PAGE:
7. Continue to evaluate infrastructure upgrades, designation of streets, and opportunities to provide appropriately designed and located public recreational space within the neighborhood and to retain the neighborhood school serving the children of the neighborhood, with the goals of encouraging a reestablishment of owner-occupied, one-family homes for long-term residency. Impacts of traffic patterns and parking to residents from use and designation of city streets and the beneficial influence of services such as schools and parks that can attract long-term residents should be central to planning efforts that help to define and unite the Joaquin neighborhood.

Key Land Use Policies – Joaquin Neighborhood, South Campus Planning Area:
1. See policies under the guiding principles for the Central Area.
2. Create a vision for the planning area south of campus area, anticipated to redevelop for student-oriented housing and amenities within the South Campus Planning Area, as shown on Map # 6.4 Provo City Neighborhoods Map.
3. Encourage any future redevelopment proposals for student or multi-family housing to be pursued through the Project Redevelopment Option (PRO) rezoning process to assure new development is compatible with the goals of the South Campus Planning Area and the Joaquin neighborhood. University-sponsored student housing projects must be similarly reviewed.
4. When redevelopment occurs, have the developer consider the opportunity to relocate homes that may have historical significance.
5. Inasmuch as the Provo City School District has closed the Joaquin Elementary School and intends to transfer the property into private ownership, it is expedient to establish policies for the future development of the property. As a site of particular sensitivity to the neighborhood and location key to defining the future character of the South Campus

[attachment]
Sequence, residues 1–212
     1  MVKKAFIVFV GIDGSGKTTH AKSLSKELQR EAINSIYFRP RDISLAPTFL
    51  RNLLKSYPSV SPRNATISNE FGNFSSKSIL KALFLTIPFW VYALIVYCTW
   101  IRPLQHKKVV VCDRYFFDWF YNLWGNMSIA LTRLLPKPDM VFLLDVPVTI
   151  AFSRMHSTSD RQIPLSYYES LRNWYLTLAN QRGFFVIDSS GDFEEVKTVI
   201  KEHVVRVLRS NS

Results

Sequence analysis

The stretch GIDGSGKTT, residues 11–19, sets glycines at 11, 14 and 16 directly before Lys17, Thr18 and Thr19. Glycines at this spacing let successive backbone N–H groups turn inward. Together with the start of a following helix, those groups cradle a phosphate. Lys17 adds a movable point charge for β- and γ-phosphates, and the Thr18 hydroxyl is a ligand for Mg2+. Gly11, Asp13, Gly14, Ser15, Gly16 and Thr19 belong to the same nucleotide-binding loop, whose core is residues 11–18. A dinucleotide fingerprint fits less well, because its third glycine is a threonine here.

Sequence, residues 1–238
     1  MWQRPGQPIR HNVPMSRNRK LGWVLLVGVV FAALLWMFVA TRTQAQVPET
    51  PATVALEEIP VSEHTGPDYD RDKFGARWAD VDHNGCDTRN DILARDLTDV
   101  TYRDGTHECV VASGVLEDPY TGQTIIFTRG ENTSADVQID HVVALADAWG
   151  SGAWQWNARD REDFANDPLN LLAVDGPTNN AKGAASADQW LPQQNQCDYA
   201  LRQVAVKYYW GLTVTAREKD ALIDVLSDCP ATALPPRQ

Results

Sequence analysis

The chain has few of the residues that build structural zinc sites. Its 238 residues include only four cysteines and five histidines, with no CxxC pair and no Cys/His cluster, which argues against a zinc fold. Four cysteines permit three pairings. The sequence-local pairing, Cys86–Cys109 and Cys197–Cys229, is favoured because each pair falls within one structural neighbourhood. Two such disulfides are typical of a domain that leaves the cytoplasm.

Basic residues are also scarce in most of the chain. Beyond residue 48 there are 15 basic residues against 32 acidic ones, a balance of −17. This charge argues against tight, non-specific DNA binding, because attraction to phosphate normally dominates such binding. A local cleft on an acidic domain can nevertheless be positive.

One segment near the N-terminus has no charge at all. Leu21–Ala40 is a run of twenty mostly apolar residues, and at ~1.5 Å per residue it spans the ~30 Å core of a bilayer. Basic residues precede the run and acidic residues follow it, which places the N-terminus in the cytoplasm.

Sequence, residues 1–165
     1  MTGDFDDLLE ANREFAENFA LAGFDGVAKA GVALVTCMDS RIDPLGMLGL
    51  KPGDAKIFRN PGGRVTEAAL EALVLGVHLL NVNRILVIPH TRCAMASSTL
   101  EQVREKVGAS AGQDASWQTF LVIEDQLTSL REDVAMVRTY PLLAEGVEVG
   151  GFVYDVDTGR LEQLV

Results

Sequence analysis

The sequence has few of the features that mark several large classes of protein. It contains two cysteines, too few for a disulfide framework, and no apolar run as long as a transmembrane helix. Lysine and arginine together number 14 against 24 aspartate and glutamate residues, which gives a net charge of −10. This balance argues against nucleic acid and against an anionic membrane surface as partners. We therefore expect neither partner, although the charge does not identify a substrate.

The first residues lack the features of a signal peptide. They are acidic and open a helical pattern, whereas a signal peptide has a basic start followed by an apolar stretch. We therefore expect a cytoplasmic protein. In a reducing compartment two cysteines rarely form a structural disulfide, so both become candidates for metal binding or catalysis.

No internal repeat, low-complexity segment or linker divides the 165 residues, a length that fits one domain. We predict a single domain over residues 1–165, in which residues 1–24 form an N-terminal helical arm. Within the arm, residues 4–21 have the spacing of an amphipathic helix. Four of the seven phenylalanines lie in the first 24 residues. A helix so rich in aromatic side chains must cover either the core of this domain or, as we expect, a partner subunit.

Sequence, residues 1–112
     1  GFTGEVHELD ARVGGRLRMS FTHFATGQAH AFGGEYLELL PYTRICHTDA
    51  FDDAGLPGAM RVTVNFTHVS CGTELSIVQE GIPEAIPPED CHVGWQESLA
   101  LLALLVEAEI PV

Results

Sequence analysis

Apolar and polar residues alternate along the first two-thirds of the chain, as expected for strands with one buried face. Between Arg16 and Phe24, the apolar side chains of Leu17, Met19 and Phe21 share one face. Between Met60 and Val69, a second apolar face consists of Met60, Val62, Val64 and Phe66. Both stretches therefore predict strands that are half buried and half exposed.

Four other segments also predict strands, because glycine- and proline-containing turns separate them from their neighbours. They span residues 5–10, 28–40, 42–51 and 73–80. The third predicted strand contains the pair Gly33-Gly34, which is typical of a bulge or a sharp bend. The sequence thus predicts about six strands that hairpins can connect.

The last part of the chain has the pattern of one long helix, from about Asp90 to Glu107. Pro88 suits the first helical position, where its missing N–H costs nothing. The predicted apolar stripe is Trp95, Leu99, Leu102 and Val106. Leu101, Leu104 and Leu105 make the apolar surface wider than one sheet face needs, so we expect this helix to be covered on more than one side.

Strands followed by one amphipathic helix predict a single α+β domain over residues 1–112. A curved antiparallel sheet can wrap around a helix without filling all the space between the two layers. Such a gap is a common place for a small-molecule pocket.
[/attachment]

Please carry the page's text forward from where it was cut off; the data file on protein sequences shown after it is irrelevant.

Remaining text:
Planning Area, this property should be required to develop through the Project
Redevelopment Option (PRO) process and should consider the following goals:
A. Open public or semi-public space should be incorporated in the redevelopment of the Joaquin Elementary School property. This may include the park-block pedestrian plaza concept as outlined in the South Campus Area Master Plan (SCAMP) study report, which study document provided the basis of many of the principles and goals adopted within the Joaquin Neighborhood Key land use policies of the General Plan and may be important for future visioning documents for the area. If a park-block pedestrian plaza is considered for this property, careful attention should be given to its implementation as it will provide a standard for future phases of the park-block pedestrian plaza system that could extend from 500 North to the BYU campus.
B. Planning for the site should be more comprehensive than the Joaquin School
Elementary site alone. Properties immediately west of the site along 500 East and east of the site along 700 East should be planned in conjunction with the property. Future developers for the Joaquin Elementary School property need not control or develop these properties; however, prior to the adoption of any new zone for the Joaquin Elementary School properties, a conceptual plan should be prepared that illustrates how adjacent properties will integrate into an overall and unified plan for the block.
C. The modification of the streetscape on 500 North should be avoided. Existing trees and parkways should be preserved.
D. As the neighborhood policies call for an adequate transition between the South Campus Planning Area and the neighborhood south of 500 North, buildings should not exceed two (2) and three (3) stories along 500 North.
E. A parking permit program as discussed within the General Plan should be
implemented prior to the adoption of a rezone for this property.
F The traffic impacts of any project in the Joaquin School area must be fully
analyzed by the City Administration so that impacts of a particular project can be properly mitigated.